Promising just missed to Kilmah in the Prestige (G3), Pellucid exits a slow-starting third in the Dick Poole Fillies’ S. (G3), Holy Cat was a distant second to O’Brien’s smart colt Intelligence Cross in the Round Tower (G3), and Velveteen has been unplaced in her Group 3 attempts.


Lady Aurelia is using the Cheveley Park as her stepping stone to the November 4 Breeders’ Cup Juvenile Fillies Turf (G1) at Santa Anita. Newmarket stages a “Win and You’re In” for that race in Friday’s Rockfel (G2) over seven furlongs, and Fair Eva is all the rage to bounce back. Note that Nations Alexander and Promising are cross-entered to the Rockfel and Cheveley Park.


Saturday’s Royal Lodge (G2) down the straight mile at Newmarket is a “Win and You’re In” for the Breeders’ Cup Juvenile Turf (G1). But if you’re a two-year-old who already needs the kind of stamina test served up by the length of the Rowley Mile, chances are a fast, two-turn mile at Santa Anita isn’t high on your target list. So as always with these international Breeders’ Cup Challenge races, caution is advised.

O’Brien has no fewer than nine of the 24 eligibles as of Monday, led by Capri. The Ballydoyle army has multiple options coming up, however, and we won’t know for certain until Thursday’s declaration stage. Mark Johnston can call upon as many as four, including Frankuus and Montataire. Godolphin’s representation features Best of Days, who was just edged in the Acomb (G3).


The Middle Park (G1), the race following the Cheveley Park over the same six-furlong trip, showcases the speedier juveniles who may be more suited to a task like the Breeders’ Cup.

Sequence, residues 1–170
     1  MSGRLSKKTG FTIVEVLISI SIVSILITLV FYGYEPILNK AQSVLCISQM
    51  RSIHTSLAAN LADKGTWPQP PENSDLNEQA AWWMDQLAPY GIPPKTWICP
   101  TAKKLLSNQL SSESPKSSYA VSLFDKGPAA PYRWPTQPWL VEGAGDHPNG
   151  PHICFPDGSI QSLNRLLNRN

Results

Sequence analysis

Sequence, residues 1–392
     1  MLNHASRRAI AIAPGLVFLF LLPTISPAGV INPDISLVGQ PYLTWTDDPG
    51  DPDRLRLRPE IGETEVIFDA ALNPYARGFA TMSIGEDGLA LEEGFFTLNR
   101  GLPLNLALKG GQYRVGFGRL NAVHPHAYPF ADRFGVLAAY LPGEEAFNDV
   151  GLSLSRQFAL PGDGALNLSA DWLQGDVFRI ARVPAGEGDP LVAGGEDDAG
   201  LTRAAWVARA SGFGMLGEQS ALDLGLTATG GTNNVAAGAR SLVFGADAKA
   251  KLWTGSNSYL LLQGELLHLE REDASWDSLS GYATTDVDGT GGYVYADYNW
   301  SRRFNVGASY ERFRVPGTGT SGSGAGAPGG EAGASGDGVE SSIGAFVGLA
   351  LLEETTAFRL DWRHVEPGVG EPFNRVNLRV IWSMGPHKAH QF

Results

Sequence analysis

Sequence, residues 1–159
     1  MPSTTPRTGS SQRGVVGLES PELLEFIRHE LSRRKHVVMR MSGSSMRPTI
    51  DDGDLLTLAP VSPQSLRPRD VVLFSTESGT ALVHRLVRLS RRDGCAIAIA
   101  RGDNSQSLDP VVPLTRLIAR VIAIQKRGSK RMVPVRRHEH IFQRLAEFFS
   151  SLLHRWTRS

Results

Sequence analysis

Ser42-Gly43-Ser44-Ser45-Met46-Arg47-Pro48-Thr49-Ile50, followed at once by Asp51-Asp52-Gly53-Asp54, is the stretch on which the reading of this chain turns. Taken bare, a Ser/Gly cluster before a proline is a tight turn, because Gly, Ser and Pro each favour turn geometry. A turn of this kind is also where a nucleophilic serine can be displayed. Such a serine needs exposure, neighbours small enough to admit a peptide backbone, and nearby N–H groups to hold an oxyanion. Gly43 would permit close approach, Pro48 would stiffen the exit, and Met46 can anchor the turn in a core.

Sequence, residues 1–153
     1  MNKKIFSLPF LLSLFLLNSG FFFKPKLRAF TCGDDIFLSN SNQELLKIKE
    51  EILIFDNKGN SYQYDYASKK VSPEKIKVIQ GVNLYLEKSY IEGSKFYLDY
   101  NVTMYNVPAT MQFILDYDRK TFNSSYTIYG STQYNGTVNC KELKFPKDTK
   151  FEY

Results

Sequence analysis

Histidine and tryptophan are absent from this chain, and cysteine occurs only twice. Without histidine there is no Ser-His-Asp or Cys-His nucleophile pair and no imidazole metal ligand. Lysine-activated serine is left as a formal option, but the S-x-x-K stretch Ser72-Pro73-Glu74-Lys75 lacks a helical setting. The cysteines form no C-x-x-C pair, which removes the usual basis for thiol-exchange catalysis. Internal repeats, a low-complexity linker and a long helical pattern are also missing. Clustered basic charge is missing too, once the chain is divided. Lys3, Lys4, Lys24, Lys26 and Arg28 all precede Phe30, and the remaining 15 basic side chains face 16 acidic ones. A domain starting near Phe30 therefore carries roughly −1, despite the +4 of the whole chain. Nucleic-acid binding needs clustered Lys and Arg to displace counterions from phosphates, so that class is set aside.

Although the Middle Park lost its most anticipated player, Caravaggio (reportedly due to a pulled muscle that’s prompted O’Brien to shelve him until next year), there’s still plenty of intrigue afoot. Richard Hannon’s Mehmas, who had been second to Caravaggio in Royal Ascot’s Coventry (G2), makes his career finale before retiring to stud. That’s not a shock for a horse who was labeled a pure two-year-old unlikely to enhance his reputation at three.

Mehmas subsequently capitalized on his comparative developmental advantage to defeat O’Brien’s Intelligence Cross in the July S. (G2) and Godolphin’s highly regarded Blue Point (and Intelligence Cross again) in the Richmond (G2) (pictured). When stretching out to seven furlongs in the September 11 Vincent O’Brien National (G1), Mehmas was no match for O’Brien’s well-touted Churchill.

The cutback to six should help Mehmas, but of greater concern is that he can’t turn back the clock. Blue Point looked much more professional his Gimcrack (G2) victory, dismissing some useful operators in Mokarris, The Last Lion, and Mubtassim.

Intelligence Cross is likewise a different animal now, in the wake of his romp in the Round Tower. His stablemate from the O’Brien yard, Peace Envoy, was most recently a hard-charging third in the Morny to Lady Aurelia. Runner-up to Medicine Jack in the Railway (G2) before beating Psychedelic Funk in the Anglesey (G3), Peace Envoy is another on an upward curve.

Lady Aurelia photo by Frank Sorge/

Mehmas edging Blue Point (right) courtesy of Goodwood Racecourse via Facebook